In his largest cityscape, “Ville Fantôme” (1996), Kingelez makes his utopian vision of the world an earthly reality. Now on view in #KingelezCityDreams.

[Credit: Bodys Isek Kingelez. “Ville Fantôme.” 1996. Paper, paperboard, plastic and other various materials. CAAC - The Pigozzi Collection, Geneva. © Bodys Isek Kingelez]

“You cannot be living oblivious of the political time you are in, and artists are the people who can actually say what other people have not yet formed… Dignity has no rest. Dignity doesn't rest.” –Tania Bruguera
On December 3, 2018, Cuban police detained @taniabruguera and several other Cuban artists for protesting Decree 349. This new law would prohibit independent artists from operating in private and public spaces without the approval of the government. We stand in solidarity with Bruguera and the artists of Cuba supporting free expression and saying #NoAlDecreto349.
MoMA Chief Curator of Media and Performance Art Stuart Comer and Director of Editorial and Content Strategy Leah Dickerman called the artist days after her release from police custody. Listen as Bruguera shares more about her arrest, how Decree 349 will affect the artistic community in Cuba, and the connection between her activism and her art:

[Artwork details: Installation view of the exhibition "Tania Bruguera: Untitled (Havana, 2000)." February 03, 2018 - March 11, 2018. The Museum of Modern Art. Photo: John Wronn]

“Nauman’s principal theme is the body—both his body and ours—as a vessel and a source of information, and he reveals it to be an unstable foundation for understanding our place in the world.” –Taylor Walsh, curatorial assistant, offers a crash course in the work of #BruceNauman and why his work remains urgent today. Read more:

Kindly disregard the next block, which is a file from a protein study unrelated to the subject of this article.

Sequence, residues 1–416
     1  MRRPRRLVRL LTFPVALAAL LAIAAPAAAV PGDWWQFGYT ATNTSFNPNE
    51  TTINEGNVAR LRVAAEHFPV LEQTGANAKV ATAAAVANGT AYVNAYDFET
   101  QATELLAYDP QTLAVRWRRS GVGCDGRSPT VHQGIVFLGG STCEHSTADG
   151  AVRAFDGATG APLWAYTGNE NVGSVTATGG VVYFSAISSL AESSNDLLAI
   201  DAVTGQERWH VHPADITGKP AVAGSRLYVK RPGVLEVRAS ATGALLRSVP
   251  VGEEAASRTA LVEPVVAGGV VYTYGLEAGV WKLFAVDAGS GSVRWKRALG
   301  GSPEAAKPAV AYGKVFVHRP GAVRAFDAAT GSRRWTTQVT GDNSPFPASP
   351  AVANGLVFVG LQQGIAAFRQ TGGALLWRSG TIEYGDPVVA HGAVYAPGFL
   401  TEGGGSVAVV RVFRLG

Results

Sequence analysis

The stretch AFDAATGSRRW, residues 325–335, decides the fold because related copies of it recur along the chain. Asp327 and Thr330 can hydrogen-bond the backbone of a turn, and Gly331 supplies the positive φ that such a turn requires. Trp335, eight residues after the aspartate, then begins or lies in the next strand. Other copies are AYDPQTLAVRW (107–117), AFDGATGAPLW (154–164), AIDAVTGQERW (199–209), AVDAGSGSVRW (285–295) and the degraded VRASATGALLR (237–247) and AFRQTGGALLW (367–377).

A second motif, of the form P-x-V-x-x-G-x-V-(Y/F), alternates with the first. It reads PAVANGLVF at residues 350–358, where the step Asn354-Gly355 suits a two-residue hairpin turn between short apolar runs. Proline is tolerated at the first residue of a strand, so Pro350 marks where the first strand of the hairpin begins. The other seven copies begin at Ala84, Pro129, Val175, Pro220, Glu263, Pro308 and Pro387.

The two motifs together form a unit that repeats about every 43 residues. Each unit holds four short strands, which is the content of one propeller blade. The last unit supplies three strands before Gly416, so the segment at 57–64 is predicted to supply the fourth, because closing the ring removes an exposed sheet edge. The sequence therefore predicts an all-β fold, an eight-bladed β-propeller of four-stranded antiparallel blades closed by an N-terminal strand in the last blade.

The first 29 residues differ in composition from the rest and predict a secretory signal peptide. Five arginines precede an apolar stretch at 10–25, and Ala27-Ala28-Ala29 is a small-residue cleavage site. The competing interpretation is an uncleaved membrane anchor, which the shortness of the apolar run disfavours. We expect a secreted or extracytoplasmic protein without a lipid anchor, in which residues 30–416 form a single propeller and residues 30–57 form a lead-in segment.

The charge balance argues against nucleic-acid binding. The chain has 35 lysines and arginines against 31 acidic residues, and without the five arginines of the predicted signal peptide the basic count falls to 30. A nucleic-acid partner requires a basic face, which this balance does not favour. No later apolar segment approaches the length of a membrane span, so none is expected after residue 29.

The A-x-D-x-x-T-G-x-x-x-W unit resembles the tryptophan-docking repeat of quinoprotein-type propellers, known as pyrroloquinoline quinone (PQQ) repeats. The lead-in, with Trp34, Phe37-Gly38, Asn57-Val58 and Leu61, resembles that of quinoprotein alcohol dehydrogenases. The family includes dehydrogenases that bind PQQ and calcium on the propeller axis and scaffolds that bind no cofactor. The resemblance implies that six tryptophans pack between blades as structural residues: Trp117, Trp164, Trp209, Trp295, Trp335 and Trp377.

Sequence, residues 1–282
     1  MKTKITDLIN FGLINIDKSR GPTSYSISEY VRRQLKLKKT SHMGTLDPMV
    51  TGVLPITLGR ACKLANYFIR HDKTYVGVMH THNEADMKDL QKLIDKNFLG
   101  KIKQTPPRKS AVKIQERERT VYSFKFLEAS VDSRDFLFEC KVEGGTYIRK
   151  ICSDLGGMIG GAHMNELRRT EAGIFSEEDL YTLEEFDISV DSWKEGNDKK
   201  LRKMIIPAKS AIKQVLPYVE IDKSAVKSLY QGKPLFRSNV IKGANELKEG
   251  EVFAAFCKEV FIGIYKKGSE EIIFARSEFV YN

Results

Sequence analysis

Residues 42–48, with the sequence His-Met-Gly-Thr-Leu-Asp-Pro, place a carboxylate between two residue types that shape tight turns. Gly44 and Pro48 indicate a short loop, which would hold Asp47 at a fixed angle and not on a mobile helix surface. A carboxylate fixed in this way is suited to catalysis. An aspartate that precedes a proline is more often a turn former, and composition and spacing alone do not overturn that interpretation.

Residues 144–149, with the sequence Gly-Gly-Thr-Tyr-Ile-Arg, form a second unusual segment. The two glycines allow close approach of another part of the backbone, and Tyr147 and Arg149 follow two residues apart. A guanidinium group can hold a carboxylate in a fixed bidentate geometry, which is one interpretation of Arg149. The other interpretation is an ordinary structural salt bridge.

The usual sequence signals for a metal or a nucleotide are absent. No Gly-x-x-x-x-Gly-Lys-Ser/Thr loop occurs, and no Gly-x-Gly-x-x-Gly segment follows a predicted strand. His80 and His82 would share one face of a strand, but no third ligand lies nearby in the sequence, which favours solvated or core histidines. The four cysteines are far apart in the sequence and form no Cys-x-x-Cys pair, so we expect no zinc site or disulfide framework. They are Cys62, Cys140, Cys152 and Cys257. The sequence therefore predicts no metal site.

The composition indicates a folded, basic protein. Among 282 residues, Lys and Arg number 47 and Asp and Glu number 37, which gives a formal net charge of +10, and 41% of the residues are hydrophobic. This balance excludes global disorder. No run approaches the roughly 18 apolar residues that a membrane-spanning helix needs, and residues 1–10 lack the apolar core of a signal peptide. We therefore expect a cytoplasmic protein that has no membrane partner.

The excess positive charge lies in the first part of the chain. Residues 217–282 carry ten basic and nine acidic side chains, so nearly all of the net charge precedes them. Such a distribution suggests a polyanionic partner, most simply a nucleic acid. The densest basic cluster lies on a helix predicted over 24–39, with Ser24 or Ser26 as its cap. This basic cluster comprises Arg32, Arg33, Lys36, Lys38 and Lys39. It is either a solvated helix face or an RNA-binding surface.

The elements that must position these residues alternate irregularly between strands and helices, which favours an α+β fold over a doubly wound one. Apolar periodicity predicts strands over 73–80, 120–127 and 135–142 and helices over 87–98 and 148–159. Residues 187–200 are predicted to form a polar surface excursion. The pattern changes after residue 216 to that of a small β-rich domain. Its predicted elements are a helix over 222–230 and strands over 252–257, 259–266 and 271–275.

Our expansive retrospective “Disappearing Acts” is now on view at MoMA and @MoMAPS1.

[Installation view of the exhibition "Bruce Nauman: Disappearing Acts" at MoMA PS1. Photo: Martin Seck]

Tomorrow night, meet us at @momaps1 for a wintry Night at the Museum! Join artists and friends in ringing in the holidays with a live performance by Bonaventure (@bonaventure_mbote), after hours access to #BruceNauman: Disappearing Acts, and a one-of-a-kind ceramics sale with the artists of International Space Station, a collaborative project featuring work by more than 100 artists from Nicole Eisenman to the teenage artists of @widerainboworg. Finally, get cozy in the VW Dome with hot chocolate, churros, and mulled wine. The festivities begin at 8 p.m. Tickets available at
Hosted by International Space Station artists including: Pam Lins, Trisha Baga, Halsey Rodman, Nicole Eisenman, Rirkrit Tiravanija, Maryam Hoseini, and many more. 100% of the profits of the ceramics sale will benefit organizations including Wide Rainbow (@widerainboworg), Gays Against Guns (@gaysagainstgunsny), Critical Resistance (@criticalresistance), Greenwich House Pottery (@greenwichhousepottery), and the Immigration Defense Project.
International Space Station is organized by Pam Lins, Halsey Rodman, Trisha Baga, and Ceramics Club (CC), with Greenwich House Pottery.
Illustration by @braulioamado